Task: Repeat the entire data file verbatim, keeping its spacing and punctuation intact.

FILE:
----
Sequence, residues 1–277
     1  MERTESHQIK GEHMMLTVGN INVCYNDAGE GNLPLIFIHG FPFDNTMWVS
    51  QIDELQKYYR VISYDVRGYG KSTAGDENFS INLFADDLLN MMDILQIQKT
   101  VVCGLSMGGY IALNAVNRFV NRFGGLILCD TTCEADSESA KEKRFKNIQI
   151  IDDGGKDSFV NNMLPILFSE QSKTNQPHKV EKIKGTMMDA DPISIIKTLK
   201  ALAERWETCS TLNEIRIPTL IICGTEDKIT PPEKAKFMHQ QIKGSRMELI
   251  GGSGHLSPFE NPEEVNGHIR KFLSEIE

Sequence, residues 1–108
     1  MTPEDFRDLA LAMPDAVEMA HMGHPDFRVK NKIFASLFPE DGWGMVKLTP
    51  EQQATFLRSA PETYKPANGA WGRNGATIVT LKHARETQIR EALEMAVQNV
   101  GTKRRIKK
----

Sequence, residues 1–277
     1  MERTESHQIK GEHMMLTVGN INVCYNDAGE GNLPLIFIHG FPFDNTMWVS
    51  QIDELQKYYR VISYDVRGYG KSTAGDENFS INLFADDLLN MMDILQIQKT
   101  VVCGLSMGGY IALNAVNRFV NRFGGLILCD TTCEADSESA KEKRFKNIQI
   151  IDDGGKDSFV NNMLPILFSE QSKTNQPHKV EKIKGTMMDA DPISIIKTLK
   201  ALAERWETCS TLNEIRIPTL IICGTEDKIT PPEKAKFMHQ QIKGSRMELI
   251  GGSGHLSPFE NPEEVNGHIR KFLSEIE

Sequence, residues 1–108
     1  MTPEDFRDLA LAMPDAVEMA HMGHPDFRVK NKIFASLFPE DGWGMVKLTP
    51  EQQATFLRSA PETYKPANGA WGRNGATIVT LKHARETQIR EALEMAVQNV
   101  GTKRRIKK